" ..... It is not generally known, that there is a light-house in Istria illuminated by gas, which is the first thing of the kind that was ever attempted. The light-house is situated on one of the three points of the Salvore, called Punta delle Mosche, 25 miles from Trieste. It was commenced in March, 1817; and in April 1818, the Adriatic was lighted with gas ..."

Some lighthouses on the Istrian peninsula. I wonder if the first one is the one mentioned in the report; some of the description fits.







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Salvore is the one. The lantern in 1818 had three tiers of coal gas flames. However, it was not a success and the gas system was replaced in 1824 by a battery of lamps burning olive oil. There seem to have been problems with gas at this time such as supplying it to a rotating light without leaks and the difficulties of transporting quantities of coal for gas generation purposes and the employment of skilled men to operate the plant.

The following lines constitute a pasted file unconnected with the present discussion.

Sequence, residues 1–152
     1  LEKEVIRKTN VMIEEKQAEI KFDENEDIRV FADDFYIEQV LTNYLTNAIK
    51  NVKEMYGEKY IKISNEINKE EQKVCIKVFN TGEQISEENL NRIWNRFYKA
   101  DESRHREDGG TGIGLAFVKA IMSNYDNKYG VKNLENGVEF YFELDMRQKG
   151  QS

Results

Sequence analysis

A gas powered light was installed at the Morro Castle at Havanna in 1818 but soon discontinued.

The first gas lighthouse seems to have been at Porkkala in Finland between 1800 and 1809. The gas was obtained from distillation of wood.


Tue May 20, 2008 10:48 pm
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IONIA wrote:
Salvore is the one. The lantern in 1818 had three tiers of coal gas flames. However, it was not a success and the gas system was replaced in 1824 by a battery of lamps burning olive oil. There seem to have been problems with gas at this time such as supplying it to a rotating light without leaks and the difficulties of transporting quantities of coal for gas generation purposes and the employment of skilled men to operate the plant.

A gas powered light was installed at the Morro Castle at Havanna in 1818 but soon discontinued.

The first gas lighthouse seems to have been at Porkkala in Finland between 1800 and 1809. The gas was obtained from distillation of wood.




Thanks, Peter, for your response. Did you sail those waters? Have you seen that particular lighthouse? The nearest I got was sailing (alas, not under sail) down from Venice last year, but after dark, but there were lots of lighthouses, so maybe I did see it without knowing. :D I can always hope.....